Lessons from the University of Whales

Jonah 1:1-4 (NIV) The word of the LORD came to Jonah son of Amittai:  2 “Go to the great city of Nineveh and preach against it, because its wickedness has come up before me.”  3 But Jonah ran away from the LORD and headed for Tarshish. He went down to Joppa, where he found a ship bound for that port. After paying the fare, he went aboard and sailed for Tarshish to flee from the LORD.  4 Then the LORD sent a great wind on the sea, and such a violent storm arose that the ship threatened to break up.

Human Perspective

Jonah received divine instruction to go the city of Nineveh and preach to its inhabitants about the impending judgment to come upon them because of their rebellion.. Nineveh was a principle city of Assyria the greatest enemy of Israel. Jonah’s divine design is actually reflected in the meaning of his name: “Dove”. God created and designed him to be a messenger of grace. God’s choice of Jonah is also a reflection of divine sovereignty. God could have sent somebody else.

Jonah decided to run away. That’s not what good prophets do! But why did Jonah run away from God? I would like to propose three reasons: 

  1. Theology: Jonah knew, and rightly so, that God is compassionate; therefore He would spare the Assyrians if they repented (See Jonah 4: 2). He had the right theology, but obviously applied it wrongly in this particular situation.
  2. Nationalism: Jonah was a nationalist. If the Assyrians repented, God would forgive them and they would attack and destroy the nation of Israel. He had previously prophesied that Israel would defeat Assyria, which actually happened in 2 Kings 14:23-27. He perhaps feared that if the Assyrians were saved they would attack and defeat Israel again.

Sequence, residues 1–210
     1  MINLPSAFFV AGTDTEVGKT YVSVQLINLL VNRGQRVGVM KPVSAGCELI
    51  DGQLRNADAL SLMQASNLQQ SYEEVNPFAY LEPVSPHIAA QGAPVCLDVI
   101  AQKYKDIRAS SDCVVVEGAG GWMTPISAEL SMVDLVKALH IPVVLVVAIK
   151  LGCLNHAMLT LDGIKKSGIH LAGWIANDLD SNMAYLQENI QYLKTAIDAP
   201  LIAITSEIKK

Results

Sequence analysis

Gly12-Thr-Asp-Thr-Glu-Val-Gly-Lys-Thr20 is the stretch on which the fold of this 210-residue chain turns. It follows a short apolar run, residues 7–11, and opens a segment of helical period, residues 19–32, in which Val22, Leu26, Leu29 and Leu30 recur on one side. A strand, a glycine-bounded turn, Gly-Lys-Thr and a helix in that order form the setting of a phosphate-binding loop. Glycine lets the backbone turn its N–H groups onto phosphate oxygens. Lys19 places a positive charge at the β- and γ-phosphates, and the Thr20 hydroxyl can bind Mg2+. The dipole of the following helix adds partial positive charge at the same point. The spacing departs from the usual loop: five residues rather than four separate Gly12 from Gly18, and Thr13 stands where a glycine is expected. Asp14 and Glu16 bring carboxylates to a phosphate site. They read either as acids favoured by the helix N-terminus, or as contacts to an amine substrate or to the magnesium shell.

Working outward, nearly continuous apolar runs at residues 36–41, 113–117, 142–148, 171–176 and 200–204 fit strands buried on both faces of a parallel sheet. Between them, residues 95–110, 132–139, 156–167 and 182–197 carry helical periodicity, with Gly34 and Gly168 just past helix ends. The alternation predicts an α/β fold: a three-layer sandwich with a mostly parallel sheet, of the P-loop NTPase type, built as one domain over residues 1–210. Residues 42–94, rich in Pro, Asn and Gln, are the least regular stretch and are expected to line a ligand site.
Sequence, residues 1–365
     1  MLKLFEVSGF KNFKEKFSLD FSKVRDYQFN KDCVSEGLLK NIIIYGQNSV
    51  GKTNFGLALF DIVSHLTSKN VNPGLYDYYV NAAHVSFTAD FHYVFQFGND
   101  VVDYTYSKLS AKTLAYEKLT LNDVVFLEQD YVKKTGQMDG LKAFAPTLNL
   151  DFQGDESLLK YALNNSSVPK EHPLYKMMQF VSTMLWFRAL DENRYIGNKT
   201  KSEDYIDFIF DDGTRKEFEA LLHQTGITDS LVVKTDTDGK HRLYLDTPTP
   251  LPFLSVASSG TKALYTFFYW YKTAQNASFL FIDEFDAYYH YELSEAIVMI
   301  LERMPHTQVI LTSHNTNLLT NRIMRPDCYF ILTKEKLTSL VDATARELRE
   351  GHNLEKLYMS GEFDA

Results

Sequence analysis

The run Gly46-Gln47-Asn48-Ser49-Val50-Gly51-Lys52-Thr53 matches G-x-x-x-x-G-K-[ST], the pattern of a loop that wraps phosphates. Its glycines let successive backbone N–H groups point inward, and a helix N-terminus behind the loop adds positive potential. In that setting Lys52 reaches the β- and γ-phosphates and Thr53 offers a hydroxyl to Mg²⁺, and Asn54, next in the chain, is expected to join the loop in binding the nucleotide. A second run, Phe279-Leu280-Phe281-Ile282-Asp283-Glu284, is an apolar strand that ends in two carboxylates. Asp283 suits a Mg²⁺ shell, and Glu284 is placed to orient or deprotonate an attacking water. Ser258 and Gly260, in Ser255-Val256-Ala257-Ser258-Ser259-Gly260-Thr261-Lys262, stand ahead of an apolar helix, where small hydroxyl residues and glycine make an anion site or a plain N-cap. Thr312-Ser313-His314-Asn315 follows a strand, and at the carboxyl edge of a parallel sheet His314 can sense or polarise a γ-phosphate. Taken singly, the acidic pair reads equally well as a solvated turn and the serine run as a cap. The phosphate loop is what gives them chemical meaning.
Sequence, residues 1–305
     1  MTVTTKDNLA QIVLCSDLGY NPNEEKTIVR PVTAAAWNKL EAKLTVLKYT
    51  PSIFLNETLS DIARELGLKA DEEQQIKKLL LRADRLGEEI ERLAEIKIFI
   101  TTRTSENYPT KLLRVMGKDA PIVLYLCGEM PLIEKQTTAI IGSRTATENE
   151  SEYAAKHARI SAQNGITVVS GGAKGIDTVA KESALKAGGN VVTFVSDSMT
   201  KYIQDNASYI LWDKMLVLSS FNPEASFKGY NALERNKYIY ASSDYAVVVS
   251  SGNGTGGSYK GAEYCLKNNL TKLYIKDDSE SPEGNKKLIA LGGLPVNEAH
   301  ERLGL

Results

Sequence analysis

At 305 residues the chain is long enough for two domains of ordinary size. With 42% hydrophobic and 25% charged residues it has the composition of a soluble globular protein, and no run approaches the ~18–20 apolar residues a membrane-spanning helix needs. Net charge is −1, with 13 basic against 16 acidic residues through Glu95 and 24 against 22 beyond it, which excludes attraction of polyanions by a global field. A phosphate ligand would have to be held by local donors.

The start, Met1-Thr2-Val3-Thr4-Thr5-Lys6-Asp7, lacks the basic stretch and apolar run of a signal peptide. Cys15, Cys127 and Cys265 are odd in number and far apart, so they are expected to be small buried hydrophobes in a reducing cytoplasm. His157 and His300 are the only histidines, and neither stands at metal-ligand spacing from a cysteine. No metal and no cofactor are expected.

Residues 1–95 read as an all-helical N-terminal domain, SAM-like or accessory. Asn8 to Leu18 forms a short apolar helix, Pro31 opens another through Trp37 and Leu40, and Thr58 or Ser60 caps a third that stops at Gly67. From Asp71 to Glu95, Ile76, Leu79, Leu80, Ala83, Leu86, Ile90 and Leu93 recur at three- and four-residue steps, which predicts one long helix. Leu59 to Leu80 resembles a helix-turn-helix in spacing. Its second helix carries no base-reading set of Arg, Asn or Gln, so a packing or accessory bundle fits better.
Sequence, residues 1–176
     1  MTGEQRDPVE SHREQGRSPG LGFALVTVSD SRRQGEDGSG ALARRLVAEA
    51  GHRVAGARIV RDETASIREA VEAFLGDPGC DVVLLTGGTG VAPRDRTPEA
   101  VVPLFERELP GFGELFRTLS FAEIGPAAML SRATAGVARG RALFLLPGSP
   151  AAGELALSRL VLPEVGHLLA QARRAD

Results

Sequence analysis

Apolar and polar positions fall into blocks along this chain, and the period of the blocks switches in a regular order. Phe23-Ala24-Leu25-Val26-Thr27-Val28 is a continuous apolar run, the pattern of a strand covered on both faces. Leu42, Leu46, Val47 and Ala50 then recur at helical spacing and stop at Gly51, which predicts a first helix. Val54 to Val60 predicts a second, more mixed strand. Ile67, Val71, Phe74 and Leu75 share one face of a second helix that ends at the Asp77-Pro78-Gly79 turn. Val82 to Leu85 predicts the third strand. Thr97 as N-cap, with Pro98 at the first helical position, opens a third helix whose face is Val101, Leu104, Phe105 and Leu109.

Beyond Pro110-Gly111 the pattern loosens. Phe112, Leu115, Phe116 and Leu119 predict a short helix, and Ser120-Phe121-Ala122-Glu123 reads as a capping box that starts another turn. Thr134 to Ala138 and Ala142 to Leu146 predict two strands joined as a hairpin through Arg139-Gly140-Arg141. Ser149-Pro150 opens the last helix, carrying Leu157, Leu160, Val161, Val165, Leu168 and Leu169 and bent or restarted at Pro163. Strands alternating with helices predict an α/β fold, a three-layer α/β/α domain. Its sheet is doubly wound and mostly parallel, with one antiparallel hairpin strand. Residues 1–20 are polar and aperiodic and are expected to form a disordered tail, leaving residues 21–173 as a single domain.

3. Personal: Jonah probably feared the loss of face incase his words about God’s judgment did not come to pass.

But core of Jonah’s problem was self-centeredness. Whenever we approach life from our own perspective other than God’s we are bound to being frustrated. There is always a fear that we encounter, whenever we are faced with obeying God’s will. It could be fear of leaving our comfort zones: friends, family, job security, routines; the list is endless.

What is it that is hindering you from obeying God’s will?

God’s Perspective:

  1. God is Sovereign: Nineveh was a pagan city but under God’s sovereign control. Yahweh is not a territorial or even a national God. He is the God of the whole universe. Our human problem is that we tend to localize God and his activities. But God is gracious and sovereign: He has mercy on whomever he has mercy. We don’t tell God what to do; it is Him who tells us what to do.
  1. God is Gracious: He provided a fish to swallow Jonah (1;17, 2:1). The fish was not only a “sign”, to Jonah but to the nation of Israel and Nineveh as well. God is a God of second chance. He always provides us ways to reflect on our failures so that we come back to him.
  1. God Speaks: He sometimes speaks to us in quiet whispers and at other times through storms (1:1-12). Either way he wants us to obey. The storm was a learning aid that God used to teach Jonah about His concern for the people of Nineveh.

How is God trying to get your attention?

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